Mongolia earned less from copper and coal export in 2020, but a rise in gold price covered the shortfall. With the price rising by 25 percent over 2020, the gold industry earned $1 billion for the first time. In the first 11 months of 2020, export amounted to 28 tonnes and income $1.62 billion. Citigroup and Goldman Sachs analysts assume that in 2021, gold price would be more than $2000 per ounce, so our gold sector may well be worth $2 billion. There is much scope for foreign investment in this sector, for example, in projects like Bayan Khundii and Altan Nar that are being implemented by Erdene Resource Development, and Altan Tsagaan Ovoo and Naran Mandal Hard Rock Deposits being developed by Steppe Gold.
Next in export income is iron ore. Since, unlike most other export metals or minerals, this is moved on railways, so its transport across the border was not interrupted by the pandemic regulations. Its price also reached the highest in nine years. On December 21, the price of iron ore with content of 62 percent was $176.9/t at the Dalian exchange, the most since February, 2011. There is a likelihood that the world’s largest iron ore producers would reduce output despite global demand, especially in China, being high. That would certainly raise prices, with Jefferies Financial Group expecting it to be between $180 and $200 per dry metric tonne in the first quarter of 2021. Many analysts see a return to the situation in 2000 when rising demand in China increased the price of mineral resources and started a super cycle. Indeed, Jeff Currie of Goldman Sachs thinks the super cycle is all set to start. During the peak period of the super cycle or 2009-2012, Mongolia was hailed as the second Kuwait, with many firsts for foreign investors leading to double-digit economic growth. A repeat is just what we need after the disappointments of 2020.
International analysts have noted that traditional sectors such as mining continue to interest investors. The US Government will spend $900 billion on boosting its economy, and this would have a positive impact on the fortunes of big mining companies there. Besides, if savings products in developed countries continue to yield low returns, investment tools such as higher-interest bonds issues by countries such as Mongolia would become more attractive. Mongolia lies next to the world’s industrial hub which is also the biggest consumer of raw materials, and this geographical location is an asset in the calculation of investors. This should be favourable to us and we must do everything we can to attract international investment in our mining sector.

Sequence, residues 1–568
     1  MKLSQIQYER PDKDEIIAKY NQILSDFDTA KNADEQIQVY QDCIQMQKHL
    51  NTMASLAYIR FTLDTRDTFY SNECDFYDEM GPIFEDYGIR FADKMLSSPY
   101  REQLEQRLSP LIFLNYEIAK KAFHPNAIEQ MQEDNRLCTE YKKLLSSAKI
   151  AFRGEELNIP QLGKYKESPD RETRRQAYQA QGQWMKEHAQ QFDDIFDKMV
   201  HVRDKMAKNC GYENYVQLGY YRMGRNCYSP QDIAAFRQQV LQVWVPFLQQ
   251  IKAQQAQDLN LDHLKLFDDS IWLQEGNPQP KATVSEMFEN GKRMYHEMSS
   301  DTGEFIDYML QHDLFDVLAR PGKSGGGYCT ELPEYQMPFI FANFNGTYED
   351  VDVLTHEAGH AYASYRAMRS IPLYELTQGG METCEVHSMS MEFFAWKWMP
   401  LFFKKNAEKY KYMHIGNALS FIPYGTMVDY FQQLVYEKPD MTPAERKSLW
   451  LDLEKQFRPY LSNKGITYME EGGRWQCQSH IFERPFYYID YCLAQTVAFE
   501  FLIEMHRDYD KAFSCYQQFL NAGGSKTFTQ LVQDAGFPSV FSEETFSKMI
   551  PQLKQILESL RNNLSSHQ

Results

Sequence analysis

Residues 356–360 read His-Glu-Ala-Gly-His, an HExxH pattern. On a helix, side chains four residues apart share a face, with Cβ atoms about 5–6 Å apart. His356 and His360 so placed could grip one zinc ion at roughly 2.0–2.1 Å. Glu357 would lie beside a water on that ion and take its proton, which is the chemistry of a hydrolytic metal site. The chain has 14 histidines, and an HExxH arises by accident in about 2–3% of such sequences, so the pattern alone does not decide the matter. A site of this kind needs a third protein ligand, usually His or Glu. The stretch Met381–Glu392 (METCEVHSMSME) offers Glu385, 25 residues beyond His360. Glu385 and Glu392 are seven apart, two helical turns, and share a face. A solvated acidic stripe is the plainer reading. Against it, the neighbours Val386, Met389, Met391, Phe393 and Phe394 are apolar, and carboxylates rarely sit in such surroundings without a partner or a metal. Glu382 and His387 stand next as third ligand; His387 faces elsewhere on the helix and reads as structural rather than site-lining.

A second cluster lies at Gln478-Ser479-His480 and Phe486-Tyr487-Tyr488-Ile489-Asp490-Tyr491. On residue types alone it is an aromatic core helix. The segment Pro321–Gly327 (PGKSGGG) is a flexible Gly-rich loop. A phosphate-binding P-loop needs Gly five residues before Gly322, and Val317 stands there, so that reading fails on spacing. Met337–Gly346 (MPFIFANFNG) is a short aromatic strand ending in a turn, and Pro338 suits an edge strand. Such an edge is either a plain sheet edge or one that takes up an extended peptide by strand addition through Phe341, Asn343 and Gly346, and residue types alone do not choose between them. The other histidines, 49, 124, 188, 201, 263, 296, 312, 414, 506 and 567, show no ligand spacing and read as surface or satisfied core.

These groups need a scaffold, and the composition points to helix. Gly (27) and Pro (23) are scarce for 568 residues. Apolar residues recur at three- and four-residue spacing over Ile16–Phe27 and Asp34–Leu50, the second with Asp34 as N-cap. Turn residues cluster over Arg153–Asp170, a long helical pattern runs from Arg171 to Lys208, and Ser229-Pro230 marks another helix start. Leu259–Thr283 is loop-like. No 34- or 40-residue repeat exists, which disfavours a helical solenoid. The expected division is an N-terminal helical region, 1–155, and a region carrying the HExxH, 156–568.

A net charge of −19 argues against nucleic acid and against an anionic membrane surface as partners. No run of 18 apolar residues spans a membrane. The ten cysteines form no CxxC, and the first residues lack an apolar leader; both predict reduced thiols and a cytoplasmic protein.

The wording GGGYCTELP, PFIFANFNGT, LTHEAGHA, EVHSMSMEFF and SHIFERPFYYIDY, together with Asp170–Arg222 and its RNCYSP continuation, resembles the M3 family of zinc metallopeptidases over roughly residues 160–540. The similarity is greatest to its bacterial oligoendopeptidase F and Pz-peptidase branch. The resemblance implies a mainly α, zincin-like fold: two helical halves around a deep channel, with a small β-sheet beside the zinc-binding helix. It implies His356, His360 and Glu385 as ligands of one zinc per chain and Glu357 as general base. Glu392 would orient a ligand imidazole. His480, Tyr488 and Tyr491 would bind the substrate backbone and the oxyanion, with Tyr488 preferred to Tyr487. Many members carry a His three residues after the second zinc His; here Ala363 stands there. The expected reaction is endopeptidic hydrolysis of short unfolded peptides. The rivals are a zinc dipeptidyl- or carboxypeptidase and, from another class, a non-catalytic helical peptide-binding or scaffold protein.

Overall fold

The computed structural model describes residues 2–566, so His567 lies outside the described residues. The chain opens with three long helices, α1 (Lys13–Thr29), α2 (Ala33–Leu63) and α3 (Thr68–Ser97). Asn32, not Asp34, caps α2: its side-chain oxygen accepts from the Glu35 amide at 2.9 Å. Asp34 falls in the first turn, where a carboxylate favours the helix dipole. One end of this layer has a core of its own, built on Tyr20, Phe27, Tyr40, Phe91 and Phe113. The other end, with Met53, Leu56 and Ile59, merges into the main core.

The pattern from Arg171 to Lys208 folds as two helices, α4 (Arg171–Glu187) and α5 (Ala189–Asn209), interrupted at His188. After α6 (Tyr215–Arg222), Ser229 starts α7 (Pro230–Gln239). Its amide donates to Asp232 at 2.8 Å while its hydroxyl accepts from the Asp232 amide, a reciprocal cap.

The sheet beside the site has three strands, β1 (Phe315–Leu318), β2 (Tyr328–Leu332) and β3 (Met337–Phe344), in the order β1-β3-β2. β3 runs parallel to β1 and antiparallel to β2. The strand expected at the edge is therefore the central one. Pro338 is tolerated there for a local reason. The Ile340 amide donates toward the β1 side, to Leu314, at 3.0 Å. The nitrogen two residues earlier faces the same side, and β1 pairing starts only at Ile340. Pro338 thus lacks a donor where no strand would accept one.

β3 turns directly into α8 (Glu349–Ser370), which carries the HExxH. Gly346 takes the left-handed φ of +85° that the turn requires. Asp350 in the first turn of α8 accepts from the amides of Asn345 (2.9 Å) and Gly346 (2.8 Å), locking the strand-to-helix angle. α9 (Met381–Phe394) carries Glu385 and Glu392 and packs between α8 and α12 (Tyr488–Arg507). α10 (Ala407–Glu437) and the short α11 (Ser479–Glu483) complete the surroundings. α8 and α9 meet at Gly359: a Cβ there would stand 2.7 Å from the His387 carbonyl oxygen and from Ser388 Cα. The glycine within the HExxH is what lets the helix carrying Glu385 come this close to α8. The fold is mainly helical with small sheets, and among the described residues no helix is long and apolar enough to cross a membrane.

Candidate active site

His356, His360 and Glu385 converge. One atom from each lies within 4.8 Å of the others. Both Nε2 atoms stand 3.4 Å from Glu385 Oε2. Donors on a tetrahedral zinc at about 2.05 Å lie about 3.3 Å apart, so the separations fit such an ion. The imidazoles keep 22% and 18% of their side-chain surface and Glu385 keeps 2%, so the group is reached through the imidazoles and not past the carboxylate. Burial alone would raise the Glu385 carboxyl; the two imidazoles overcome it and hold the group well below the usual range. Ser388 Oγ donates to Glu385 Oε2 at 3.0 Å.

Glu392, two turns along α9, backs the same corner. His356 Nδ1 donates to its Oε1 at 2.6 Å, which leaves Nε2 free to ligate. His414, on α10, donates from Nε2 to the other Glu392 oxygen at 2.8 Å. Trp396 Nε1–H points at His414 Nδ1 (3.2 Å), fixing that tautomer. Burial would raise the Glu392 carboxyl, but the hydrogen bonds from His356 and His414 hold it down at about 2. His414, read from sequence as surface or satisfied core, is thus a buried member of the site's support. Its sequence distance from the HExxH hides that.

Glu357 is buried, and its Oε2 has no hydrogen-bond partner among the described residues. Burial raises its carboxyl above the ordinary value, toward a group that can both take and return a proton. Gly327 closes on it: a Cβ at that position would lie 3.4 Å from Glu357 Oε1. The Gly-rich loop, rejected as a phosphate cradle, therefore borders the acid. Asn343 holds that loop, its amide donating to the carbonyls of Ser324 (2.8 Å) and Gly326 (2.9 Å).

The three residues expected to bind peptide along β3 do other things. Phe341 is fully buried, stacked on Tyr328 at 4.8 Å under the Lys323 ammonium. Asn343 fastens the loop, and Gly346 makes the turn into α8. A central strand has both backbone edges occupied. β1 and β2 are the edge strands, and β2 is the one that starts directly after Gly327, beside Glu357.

All the bad news in 2020 made us overlook the signing of an agreement between Xanadu Mines and the Japan Oil, Gas and Metals National Corporation that would allow $7.2 million to be spent on exploration in the Ulaan Uul Project area. Au$1.12 million has been promised for exploration in the Kharmagtai project, and Errick Sprott, a Canadian, has made an investment of $15 million in Erdene Resource Development. All this could well be a prelude to setting up a larger investment canvas.
The pandemic restrictions have put us in an “abstract” world, where we learn and work online, amuse ourselves “virtually”, operate equipment without going near it, and pay with intangible money. Going and being digital is now an integral part of everything from politics to economy to social and business life. The traditional style of trade and communications is passe. Microsoft CEO Satya Nadella thinks we saw two years of digital transformation in just two months. This transformation has been given the name Covidtech.
All this opens up new opportunities for our country and people. For example, travel restrictions have kept many foreigners from taking up their assignment here, giving a chance to Mongolian professionals to improve their skills and qualifications. Some complicated construction work on the underground mine at Oyutolgoi Project have been done remotely or online by foreign specialists but executed on the ground by Mongolians. Chris Aitchison, Director of the Underground Project, has noted that without this application of local skills, the progress of the work would have been much slower. Another example is the welding process of Pandrol of the UK that is used in construction of the Tavantolgoi-Gashuunsukhait railway. The British specialists could not come but the work could not be delayed indefinitely, so 20 Mongolian welders were trained online by Pandrol staff and they have been doing the job with total competence. Young Mongolians must acquire skills which will be valued globally. And we must enter fields other than mining. There is news that a Mongolian technological company has set foot in Silicon Valley.
The quarantine has made it clear that some jobs would now be performed remotely, and use of technology would change the way some things are done. Will jobs then become fewer? The overall labour market might not contract much as new kinds of work would be needed. The nature of jobs would change more than their number. Digitalization does not respect national boundaries, but it is for Mongolians to benefit from this and “work” with any company around the world, never leaving home.